There are numerous factors that make or break a film. But today we are looking at the world of movies through the eyes of a photographer. So, visuals are the top priority parameter or in other words, we’re looking for the most beautiful movies.
What makes a movie beautiful?
From a visual perspective, a perfect harmony between color, composition, and lighting is the key to making a beautiful movie. Let’s take a look at the Top 10 most visually marvelous movies that you shouldn’t miss.
La La Land
Directed by: Damien Chazelle
La La Land was hands down one of the most visually notable movies that came out recently. Even Though the singing and dancing part of the movie grabs our attention, it’s almost impossible to ignore the efforts taken in the cinematography department in turning the grim-looking, sprawling metro area into a rainbow candy-colored musical utopia.
La La Land Cinematographer Linus Sandgren says “ It was all about Creating a romantic Los Angeles” and he did a splendid job with that.
The usage of color in the movie was as choreographed as the dance sessions or the dialogues. The visuals are used to communicate with the audience and nothing, not even the tinted street lights are at random here. Altogether La La Land is by far one of the most visually appealing movies we’ve seen so far.
Directed by: Todd Philips
Cinematography: Lawrence Sher
Not Many cinematographers can claim that they have worked as distinctively through multiple genres and formats as Lawrence Sher has in his career.
He has shot movies Like The Joker, Paul, Garden State, and The Hangover; all of which utilize color, Lighting, and camera in a very distinctive and evocative manner.
The movie Joker utilizes the colors in a way never seen before and all credit goes to Lawrence. The Proper usage of color in Joker helps in evocating Mood, Depth, suspense, intensity, and depth of the scenes and simultaneously the movie. As the movie progresses the colors get more and more intense and vibrant and at the same time explore the shadows and darkness to show the intentions and the ill-will of the narrator. As a whole Joker is a rollercoaster of emotions that are spellbindingly attractive and Focus pulling at the same time.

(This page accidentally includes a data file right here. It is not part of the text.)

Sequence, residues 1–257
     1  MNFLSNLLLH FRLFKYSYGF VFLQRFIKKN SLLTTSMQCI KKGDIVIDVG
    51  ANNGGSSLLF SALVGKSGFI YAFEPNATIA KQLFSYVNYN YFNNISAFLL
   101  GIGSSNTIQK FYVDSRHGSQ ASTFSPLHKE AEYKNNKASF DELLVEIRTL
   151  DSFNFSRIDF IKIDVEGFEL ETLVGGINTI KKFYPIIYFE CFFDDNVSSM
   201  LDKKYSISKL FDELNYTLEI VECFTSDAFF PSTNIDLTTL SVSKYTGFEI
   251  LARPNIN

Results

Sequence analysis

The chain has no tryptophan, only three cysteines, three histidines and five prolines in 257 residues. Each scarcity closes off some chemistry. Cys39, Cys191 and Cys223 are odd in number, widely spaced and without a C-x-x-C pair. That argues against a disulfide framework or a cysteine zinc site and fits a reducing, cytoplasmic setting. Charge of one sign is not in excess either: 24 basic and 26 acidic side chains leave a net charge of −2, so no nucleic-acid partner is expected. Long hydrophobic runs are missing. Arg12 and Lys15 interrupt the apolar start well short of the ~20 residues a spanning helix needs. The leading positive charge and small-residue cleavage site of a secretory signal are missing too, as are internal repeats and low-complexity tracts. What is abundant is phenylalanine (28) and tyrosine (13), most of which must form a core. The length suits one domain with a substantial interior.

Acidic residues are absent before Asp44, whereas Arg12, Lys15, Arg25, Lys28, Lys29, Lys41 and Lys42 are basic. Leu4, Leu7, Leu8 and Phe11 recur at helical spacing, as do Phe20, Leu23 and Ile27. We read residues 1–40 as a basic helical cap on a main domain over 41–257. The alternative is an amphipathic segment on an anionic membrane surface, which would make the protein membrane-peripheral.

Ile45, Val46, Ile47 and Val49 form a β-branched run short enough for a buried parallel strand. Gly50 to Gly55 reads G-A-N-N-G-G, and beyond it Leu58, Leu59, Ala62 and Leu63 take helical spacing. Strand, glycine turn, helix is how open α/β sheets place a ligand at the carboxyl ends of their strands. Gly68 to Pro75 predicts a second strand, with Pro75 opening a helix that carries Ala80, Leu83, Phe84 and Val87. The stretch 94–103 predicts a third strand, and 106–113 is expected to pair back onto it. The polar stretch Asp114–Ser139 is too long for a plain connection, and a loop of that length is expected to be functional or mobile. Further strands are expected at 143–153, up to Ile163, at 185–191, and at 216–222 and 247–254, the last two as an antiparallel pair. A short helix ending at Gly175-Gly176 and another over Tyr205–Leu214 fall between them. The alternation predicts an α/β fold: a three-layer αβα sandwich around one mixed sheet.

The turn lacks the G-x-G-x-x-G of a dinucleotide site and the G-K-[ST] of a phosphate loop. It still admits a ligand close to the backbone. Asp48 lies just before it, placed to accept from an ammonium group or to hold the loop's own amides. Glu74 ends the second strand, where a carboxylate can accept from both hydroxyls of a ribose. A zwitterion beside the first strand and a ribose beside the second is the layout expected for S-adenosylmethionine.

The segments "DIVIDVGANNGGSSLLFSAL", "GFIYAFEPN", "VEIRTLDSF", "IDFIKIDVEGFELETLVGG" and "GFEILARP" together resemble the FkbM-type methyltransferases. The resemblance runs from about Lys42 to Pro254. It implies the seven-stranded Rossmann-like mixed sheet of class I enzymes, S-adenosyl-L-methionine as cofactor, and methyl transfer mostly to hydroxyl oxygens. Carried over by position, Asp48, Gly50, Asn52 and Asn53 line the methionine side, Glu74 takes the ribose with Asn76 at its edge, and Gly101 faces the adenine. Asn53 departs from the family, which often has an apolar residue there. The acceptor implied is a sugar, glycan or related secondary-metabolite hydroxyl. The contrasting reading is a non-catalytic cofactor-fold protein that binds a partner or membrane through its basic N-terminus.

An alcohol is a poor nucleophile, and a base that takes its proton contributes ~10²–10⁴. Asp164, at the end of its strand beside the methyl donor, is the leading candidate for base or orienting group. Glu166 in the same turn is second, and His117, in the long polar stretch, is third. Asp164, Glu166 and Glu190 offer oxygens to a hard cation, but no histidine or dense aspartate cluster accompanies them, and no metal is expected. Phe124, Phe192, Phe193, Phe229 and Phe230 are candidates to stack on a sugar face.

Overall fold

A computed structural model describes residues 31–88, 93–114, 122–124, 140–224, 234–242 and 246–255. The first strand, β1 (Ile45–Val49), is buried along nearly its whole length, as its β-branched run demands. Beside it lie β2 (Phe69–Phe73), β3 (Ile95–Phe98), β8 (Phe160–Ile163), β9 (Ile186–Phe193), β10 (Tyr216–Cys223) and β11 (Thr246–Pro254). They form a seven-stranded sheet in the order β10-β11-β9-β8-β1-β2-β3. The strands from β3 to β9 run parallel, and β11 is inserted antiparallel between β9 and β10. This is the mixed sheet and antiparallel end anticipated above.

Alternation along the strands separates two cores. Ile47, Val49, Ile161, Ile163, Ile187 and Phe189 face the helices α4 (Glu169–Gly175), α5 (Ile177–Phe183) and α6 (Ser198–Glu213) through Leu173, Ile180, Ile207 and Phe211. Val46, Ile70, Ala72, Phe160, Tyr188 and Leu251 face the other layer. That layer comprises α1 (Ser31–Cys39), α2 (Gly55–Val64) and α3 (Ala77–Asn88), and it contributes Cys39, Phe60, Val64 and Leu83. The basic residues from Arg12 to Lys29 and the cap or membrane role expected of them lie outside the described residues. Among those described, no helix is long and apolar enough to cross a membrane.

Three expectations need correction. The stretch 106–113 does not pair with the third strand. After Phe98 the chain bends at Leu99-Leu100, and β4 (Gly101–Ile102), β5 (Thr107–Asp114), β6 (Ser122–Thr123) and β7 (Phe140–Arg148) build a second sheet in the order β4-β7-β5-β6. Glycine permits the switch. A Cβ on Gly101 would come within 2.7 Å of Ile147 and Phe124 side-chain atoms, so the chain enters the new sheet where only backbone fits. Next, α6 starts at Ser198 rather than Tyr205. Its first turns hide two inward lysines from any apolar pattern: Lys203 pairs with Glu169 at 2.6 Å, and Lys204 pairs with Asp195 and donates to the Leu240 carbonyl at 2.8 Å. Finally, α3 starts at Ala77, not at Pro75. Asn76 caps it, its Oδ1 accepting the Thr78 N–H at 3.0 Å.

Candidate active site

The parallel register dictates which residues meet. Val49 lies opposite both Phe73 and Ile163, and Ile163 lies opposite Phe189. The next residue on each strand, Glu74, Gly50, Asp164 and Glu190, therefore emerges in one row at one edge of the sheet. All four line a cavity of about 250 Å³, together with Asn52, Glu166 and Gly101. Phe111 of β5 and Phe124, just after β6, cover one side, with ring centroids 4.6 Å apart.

The tree of life
Directed by: Terrrence Malik
Cinematography: Emmanuel Lubezki
Even Though the film Tree of life can be described as a divisive and a hard to swallow a pill, the beauty and the visual prowess of the movie cannot be denied or argued with. What Terence Malik and Emmanuel Lubezki did with the movie “The tree of life” is astonishing, to say the least. The film is a free-flowing narrative filmed in a Steadicam-style utilizing very minimal artificial lighting focusing mainly on spontaneity both in acting and in the camera work. My favorite shot in the movie is a shot of three children playing in the street, with the camera focussing not on their bodies, but rather their shadows. As the image is flipped upward the shadows gain a feeling of realness, with the heads up and the feet down, making the shadows nearly appear to be more similar to ghosts. The camera moves alongside the children in extraordinary smooth movement which pushes the shot considerably further into the domain of enchantment, practically ethereal. As far as I might be concerned, this is the magic of pure wonderful cinematography. It’s of different quality in comparison to, say, the successful narrative work in Touch of Evil or The Insider. Here, the story is repressed and not all the focal point, however, the feeling is even more obvious. I felt shudders when I saw this went interestingly, it’s as yet my #1 single shot of The Tree of Life.
Mad Max: Fury Road (2015)
Directed by: George Miller
Cinematographer: John Seale
Fury road dominates one of the most essential elements of film-going or entertainment media, “Escape”. A film is a portal into a day to day existence other than your own, regardless of whether it’s the distance of a Nazi-battling paleontologist or the functions of an analyst on the path of an insane person, everything’s for the sake of giving the crowd an alternate point of view and experience; showing the crowd the world from a point they’ve not seen previously. Sci-fi specifically has an interesting assignment of this. You’re introducing a world far eliminated from our own- how would you keep the crowd snared and ready to follow the activity while ceasing from handholding? The show, don’t tell. That about sums up Fury road. It is a movie worth watching and trust me you’ll fall in love with the work.
Life of Pi
Directed by: Ang Lee
Cinematographer: Claudio Miranda